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6 ways to enhance your website’s user experience (and help your business)

I strive for two things in design: simplicity and clarity. Great design is born of those two things.

– Lindon Leader

You may have come across the term ‘User Experience (UX) Design’ and wondered what exactly it means. Essentially, it means making the people who use your website (or product) central to the design process.

Compelling products and websites are designed for people to use.

When planning and creating a website, UX design is about understanding the various ways your target customers or clients use your website and how you want them to use your website.

The goal is to create a compelling and engaging website that makes it easy and simple for website visitors to take action.

Why is user experience so important?

Most of us visit many websites every day.

When we land on one that’s hard to use or tricky to understand, we feel frustrated. It’s highly likely we’ll hit the back button (unless the website has something we really want or need).

So, it’s simple: an easy user experience (that doesn’t make your website visitor work hard), leads to the person staying longer on your website, increasing the likelihood of them taking action (filling in a contact form, contacting you, joining your mailing list or buying a product).

A good user experience is good for your business.

Here are 6 ways to improve your website’s user experience:

1.Make it clear what your business offers / what your website is all about as soon as someone lands on your website.

Don’t make your visitors work hard to understand. This frustrates and they’ll likely leave.

Use simple language that’s free of jargon.

There’s something called the 5 second test that works beautifully to see if you’ve achieved clarity. Ask someone who doesn’t know much about your business (ie not a staff member or family) to look at your homepage. Time 5 seconds. Ask them if they understand what your business sells or offers. If they don’t know, then you’ve failed the 5 second test and need to look at ways you can improve clarity on your homepage.

Usability Hub offers a suite of user testing tools. One of those tools includes 5 second tests. Learn more here – https://usabilityhub.com/guides/five-second-testing

2.Create a simple navigation menu

One of the biggest mistakes business owners who’ve DIY-ed their website make? Cramming too many links into their navigation menu.

They worry that a website user will miss out on vital information if the page link isn’t in the main navigation.

But – too many options overwhelm website visitors, which hurts user experience.

Improve your website’s user experience by reducing the number of links in your navigation menu. It shouldn’t have more than 6 links.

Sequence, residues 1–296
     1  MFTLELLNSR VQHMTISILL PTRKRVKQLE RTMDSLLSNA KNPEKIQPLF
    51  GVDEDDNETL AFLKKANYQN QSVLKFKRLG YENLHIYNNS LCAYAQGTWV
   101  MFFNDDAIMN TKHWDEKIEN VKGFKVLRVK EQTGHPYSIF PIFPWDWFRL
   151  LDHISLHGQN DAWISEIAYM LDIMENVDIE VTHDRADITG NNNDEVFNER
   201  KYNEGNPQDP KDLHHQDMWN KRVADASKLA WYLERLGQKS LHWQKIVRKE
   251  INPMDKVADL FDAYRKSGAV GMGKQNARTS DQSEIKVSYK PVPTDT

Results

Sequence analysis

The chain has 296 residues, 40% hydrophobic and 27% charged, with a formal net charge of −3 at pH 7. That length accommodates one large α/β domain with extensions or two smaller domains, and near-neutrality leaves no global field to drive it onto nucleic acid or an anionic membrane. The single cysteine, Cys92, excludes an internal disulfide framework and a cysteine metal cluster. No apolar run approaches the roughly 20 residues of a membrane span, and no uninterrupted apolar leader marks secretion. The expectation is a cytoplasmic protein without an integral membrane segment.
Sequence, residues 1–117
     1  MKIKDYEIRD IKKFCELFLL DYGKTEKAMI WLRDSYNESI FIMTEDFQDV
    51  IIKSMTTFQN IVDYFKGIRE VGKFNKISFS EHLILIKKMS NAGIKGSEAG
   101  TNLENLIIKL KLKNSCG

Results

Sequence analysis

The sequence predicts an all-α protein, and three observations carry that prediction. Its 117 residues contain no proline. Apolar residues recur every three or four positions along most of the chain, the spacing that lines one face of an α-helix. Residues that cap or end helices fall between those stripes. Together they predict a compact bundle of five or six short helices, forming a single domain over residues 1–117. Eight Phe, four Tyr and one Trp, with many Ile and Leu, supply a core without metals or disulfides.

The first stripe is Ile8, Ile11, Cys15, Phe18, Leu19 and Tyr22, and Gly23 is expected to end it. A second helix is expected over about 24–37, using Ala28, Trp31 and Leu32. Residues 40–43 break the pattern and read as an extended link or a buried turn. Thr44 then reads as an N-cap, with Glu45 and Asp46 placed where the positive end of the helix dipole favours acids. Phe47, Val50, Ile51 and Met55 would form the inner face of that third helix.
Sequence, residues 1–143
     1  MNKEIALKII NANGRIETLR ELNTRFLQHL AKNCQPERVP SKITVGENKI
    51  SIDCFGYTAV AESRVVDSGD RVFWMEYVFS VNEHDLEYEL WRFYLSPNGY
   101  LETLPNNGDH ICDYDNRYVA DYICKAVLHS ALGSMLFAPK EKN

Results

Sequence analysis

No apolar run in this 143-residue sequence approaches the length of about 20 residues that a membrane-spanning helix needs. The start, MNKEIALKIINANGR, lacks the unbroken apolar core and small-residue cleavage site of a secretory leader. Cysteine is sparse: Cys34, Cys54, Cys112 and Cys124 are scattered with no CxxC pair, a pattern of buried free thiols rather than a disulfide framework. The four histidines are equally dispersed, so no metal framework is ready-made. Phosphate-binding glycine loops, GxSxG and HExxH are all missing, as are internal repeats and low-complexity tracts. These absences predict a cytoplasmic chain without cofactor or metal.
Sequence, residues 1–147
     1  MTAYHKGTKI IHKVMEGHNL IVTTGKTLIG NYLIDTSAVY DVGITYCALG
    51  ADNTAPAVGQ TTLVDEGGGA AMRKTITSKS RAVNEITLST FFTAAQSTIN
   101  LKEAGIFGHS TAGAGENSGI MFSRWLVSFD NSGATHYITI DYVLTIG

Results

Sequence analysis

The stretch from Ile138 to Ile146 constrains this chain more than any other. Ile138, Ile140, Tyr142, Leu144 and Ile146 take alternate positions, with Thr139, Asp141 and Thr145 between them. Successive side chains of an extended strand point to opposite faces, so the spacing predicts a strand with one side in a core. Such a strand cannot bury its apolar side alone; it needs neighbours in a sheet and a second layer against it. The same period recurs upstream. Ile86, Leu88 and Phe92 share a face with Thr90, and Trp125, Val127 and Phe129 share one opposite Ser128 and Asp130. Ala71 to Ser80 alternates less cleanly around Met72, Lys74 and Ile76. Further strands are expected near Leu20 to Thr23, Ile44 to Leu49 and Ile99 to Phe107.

Place all the other stuff in the footer.

3.Use storytelling elements to keep visitors engaged

Copy is an essential part of user experience, yet it’s often overlooked.

Here are my top tips for keeping your visitor engaged with copy:

  • Make web page copy scan-able by breaking up copy into short chunks using headings, subheadings and paragraphs.
  • Use a storytelling framework to communicate your message and persuade someone to take action.
  • Be specific.
  • Run your copy through the Hemingway Editor so that it’s easier to read.

4.Show people what you want them to do next

When creating a website, get clear on the actions you want people to take. For example:
-Fill in an enquiry form
-Sign up to a mailing list
-Buy a product

On every web page, include one clear call to action clearly directing them to the next step, whether that’s another page, a link to your contact page or an add-to-cart button.

Your goal should always be to make their journey easier.

5.Use micro-interactions

Micro-interactions are small, functional animations that give a user visual feedback by displaying changes more clearly.

They enhance user experience by making the website more intuitive, engaging, efficient and enjoyable.

Micro-actions include:

-A button changing colour when someone hovers over it.
-Success or error messages coming up after a form is filled in.
-A little pop up showing up briefly to indicate a product has been added to the cart.
-Progress bars for the checkout process or multi-step form.

6.Improve the mobile experience

Here are some ways to improve your website on mobile:

  • Make sure your website adapts to different screen sizes
  • Simplify the layout and navigation system
  • Minimise or remove unnecessary content
  • Keep image sizes small and optimised for faster loading
  • Make sure it’s easy to tap on links, buttons and icons (they shouldn’t be too small or close together)
  • Include sitewide search
  • Keep design consistent
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